Deployment Guide/Power Infrastructure

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6. Power

The OLPC laptop is the most power-efficient laptop ever built, but it still needs a source of electrical power. In ebook mode, it runs at less than 2 Watts. Average power consumption is approximately 5 Watts.

We have been working with a number of alternative power systems, including solar, human-power, etc. Currently we have 5-, 7-, and 10-Watt solar-panel solutions that are quite attractive for individual laptops (5 Watts is a supplement for extending the battery life while out in the sun); we are also developing a solar-panel multi-battery classroom charger—a small number of prototype units will be available soon. We have still not achieved our goal of a cost-effective school server that can be powered off of the grid. Please take this into consideration when doing your site preparation. Another consideration is energy storage: if you need to run when the sun does not shine, you'll need a battery system for the school and ample power to both charge the battery and run the school server at the same time.

The following worksheet can be used to estimate the power requirements for each school. (The Watt-hours are dependent on how long the children are in school, whether or not they are charging their batteries while they are working, and how many hours per day the school server and connectivity are operational.)

Number of units avg. Watts Total power required
Laptops 100 5 (15 peak) 500 Watts
School Server 1 20 (24 peak) 20 Watts

(e.g., Vsat modem)

1 50 50 Watts
Total Power 570 Watts

The total energy required to operate 100 laptops and a school server over an eight-hour period is approximately 570 Watts times 8 hours or 4560 Watt-hours. If, for example, you wanted to generate and store this energy over the course of a two-hour period, you'd need roughly 11400 Watts generation capacity feeding a battery system with adequate storage capacity, assuming 80% efficiency. (As a datapoint, Wikipedia gives the lead-acid battery a 70-92% efficiency.)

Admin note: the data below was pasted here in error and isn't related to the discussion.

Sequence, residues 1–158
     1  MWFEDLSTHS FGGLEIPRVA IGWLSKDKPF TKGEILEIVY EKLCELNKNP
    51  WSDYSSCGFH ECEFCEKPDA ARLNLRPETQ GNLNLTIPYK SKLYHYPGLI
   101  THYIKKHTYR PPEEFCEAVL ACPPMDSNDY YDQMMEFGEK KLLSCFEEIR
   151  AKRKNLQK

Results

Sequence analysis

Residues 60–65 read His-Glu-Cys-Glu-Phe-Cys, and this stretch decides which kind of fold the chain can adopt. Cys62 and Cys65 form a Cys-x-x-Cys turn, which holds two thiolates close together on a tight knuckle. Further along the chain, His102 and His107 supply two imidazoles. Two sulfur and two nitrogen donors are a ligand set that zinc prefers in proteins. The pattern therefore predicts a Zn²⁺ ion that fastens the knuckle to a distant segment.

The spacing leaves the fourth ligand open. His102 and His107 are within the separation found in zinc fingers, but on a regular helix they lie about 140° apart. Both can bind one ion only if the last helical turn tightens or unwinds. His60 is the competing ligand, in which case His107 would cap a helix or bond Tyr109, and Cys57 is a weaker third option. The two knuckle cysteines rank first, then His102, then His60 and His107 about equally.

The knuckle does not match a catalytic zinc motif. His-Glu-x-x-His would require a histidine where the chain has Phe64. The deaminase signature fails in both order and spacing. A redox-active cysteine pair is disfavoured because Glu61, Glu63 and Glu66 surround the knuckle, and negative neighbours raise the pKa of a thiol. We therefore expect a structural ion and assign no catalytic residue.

(An additional consideration is the means to provide power to individual laptops in the classroom. Due to physical-design constraints, our power adapters are oriented to be used with power strips that have sockets are oriented parallel to the length of the strip, e.g., = = = =. Power strips with a perpendicular orientation, e.g., || || || ||, are inefficient as adapters cannot take advantage of every outlet. At least one manufacturer is developing a system that directly incorporates the power supply for up to eight laptops in a single unit, eliminating the need for individual power adapters. This is still in early prototype stage, but it looks promising.)

Some questions you should consider if you are planning to make extensive use of solar energy:

  • Is this a no power grid environment? Is solar the only power source?
  • How much sun will the deployment area have? How long and often do you have clouds and rain? How long during the day do you have bright, strong, hot sunshine?
  • Do you have any data on the average daily solar irradiance?
  • Do you require a school server (or other equipment) that has to be solar powered in addition to the laptops?
  • What is the physical set up of the places where the laptops will be used? Will it be indoors or somewhere sun is available?
  • How many of the laptops will be in use simultaneously (per site) and how many need to be recharged at any one time?
  • What is the planned usage pattern during the day? Will they be taken home and used so that in the mornings the battery is drained or low?

The 10W panel at full output will fully charge a drained battery in just under three hours if the laptop is turned off; if you can take advantage of the peak solar hours (11:00 to 14:00), then you should be able to keep the laptops charged, but this means not using them during that period.

Note: in the solar energy business we usually say it does not matter at all WHEN you use the electricity. All that matters is how much energy is collected and how much energy is used. So unless the charging capability is actually disabled when the XO is being used, I would say that the time of use is completely irrelevant.

If the laptop is running, then full sun with the 10W panel will provide enough average power to run the laptop and slowly charge the battery (about six hours). If you don't have full sun, then you will break even or slowly drain the battery.

Additional tools/references

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